Who was `Abdu'l-Bahá, and why did He come to the West?

Thursday, August 30, 2012

August 30, 1912 Oh, Canada! O Canada!

May Maxwell
Departure from Malden -- arrival in Montreal! 
Mahmud writes: "`Abdu'l-Bahá left today for Montreal. The only servants He took with Him were Mírzá Ahmad Sohrab and myself. Because He had decided to travel to the Western part of America at the pressing invitation of the friends in California, He said, `We have a long distance to go and must therefore leave as soon as possible.' For this reason, He instructed Mírzá Valíyu'lláh Khán-i-Varqá, Áqá Mírzá `Alí-Akbar Nakhjávání, Áqá Sa`íd Asad'u'lláh and Dr Getsinger to remain until His return.
As soon as the friends and a group of Arabs saw `Abdu'l-Bahá at the railway station in Boston, they surrounded Him, their faces beaming with joy and enthusiasm. At 9:00 a.m. the train left Boston and reached Montreal at 8:00 p.m. On the way, a Canadian was privileged to speak with `Abdu'l-Bahá. The Master pointed out to him the straight path of truth, and even though this individual had known nothing about `Abdu'l-Bahá before this encounter, he was attracted to Him. 
William Sutherland Maxwell
When we arrived at the station, we saw Mr [Sutherland] Maxwell hurrying forward to greet the Master. He had two carriages to convey the Master and His companions to his home. [1548 Pine Avenue West, Montreal] There a group of friends and a newspaper publisher [John Lewis, editor of the Montreal Daily Star] were waiting to see the Master. At the table, Mrs [May] Maxwell said, `So many people have telephoned and sent letters about your arrival and I have replied to all. I have become very tired but I consider this fatigue the greatest comfort of my life.' A pastor had telephoned to ask the Master to address his congregation the day after tomorrow. The editor of the newspaper said that he would publish the announcement the next day. When Mrs Maxwell informed `Abdu'l-Bahá of this, He said, `Very well. You were tired, having undergone such trouble today. You must rest for the time being.'"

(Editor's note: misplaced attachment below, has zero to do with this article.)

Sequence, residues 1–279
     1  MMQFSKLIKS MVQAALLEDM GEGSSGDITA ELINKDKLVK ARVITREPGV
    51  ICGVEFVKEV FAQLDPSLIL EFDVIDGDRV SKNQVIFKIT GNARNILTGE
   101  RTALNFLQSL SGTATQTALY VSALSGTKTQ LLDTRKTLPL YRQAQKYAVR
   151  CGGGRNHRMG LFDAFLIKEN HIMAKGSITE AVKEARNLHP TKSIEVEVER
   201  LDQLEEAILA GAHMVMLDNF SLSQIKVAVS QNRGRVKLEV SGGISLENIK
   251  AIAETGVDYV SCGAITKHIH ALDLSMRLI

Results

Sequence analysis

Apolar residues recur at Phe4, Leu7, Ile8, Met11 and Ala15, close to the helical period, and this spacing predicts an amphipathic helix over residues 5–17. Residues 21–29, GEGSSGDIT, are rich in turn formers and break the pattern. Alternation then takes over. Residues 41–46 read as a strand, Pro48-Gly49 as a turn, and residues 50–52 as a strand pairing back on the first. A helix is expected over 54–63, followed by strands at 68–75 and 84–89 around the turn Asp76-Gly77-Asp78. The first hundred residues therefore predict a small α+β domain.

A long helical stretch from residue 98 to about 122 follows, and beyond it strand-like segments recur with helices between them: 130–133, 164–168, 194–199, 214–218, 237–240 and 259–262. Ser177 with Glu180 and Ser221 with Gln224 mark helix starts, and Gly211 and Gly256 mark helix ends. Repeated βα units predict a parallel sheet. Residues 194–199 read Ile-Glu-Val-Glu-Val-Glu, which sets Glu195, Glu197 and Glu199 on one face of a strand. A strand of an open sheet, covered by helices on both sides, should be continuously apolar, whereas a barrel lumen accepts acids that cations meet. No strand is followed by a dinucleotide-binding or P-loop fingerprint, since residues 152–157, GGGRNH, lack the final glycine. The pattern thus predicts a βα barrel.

ah, the Canadian sojourn has begun!  This will shed imperishable glory upon Canada. The visit of nine days will net more amazing publicity than in anywhere else.  Hearts will be stirred. . . . I'm excited about this part of the Master's travels!  And we were just there--shooting footage and presenting at ABS.  This journey cycles back for us--then thrusts us forward--across time and space! 

A note about the history of the Canadian Bahá'í community, from www.ca.bahai.org:

May & William Sutherland Maxwell, c. 1935.
"The Bahá'í Community of Canada dates from 1898 when Edith Magee, a youth from London, Ontario, became the first Canadian member of the Bahá'í Faith. In 1902 the first Bahá'í group was formed by May and William Sutherland Maxwell in Montreal.
William Sutherland Maxwell was a well-known Canadian architect. He designed such Canadian landmarks as the Château Frontenac Tower in Quebec City, the Legislative Assembly Building in Regina, as well as the Museum of Fine Arts, the Church of the Messiah, and many fine residences in Montreal. His wife, May Maxwell, was one of the early Western Bahá'ís when William Sutherland Maxwell met her in Paris in the 1890s.
In 1912, the small band of believers that formed around the Maxwells had the honor of receiving 'Abdu'l-Bahá, the son and appointed successor of the Founder of the Faith, Bahá'u'lláh, during his tour of North America. 'Abdu'l-Bahá's addresses at the Church of the Messiah and St. James Methodist Church, at the Trades Union headquarters on St. Lawrence Street, and at the Maxwell's home on Pine Avenue attracted widespread attention from both the press and the public. His talks touched on subjects of economic justice, world peace, and social cohesion. The Maxwell home where 'Abdu'l-Bahá stayed is today the only Bahá'í Shrine in the western hemisphere."

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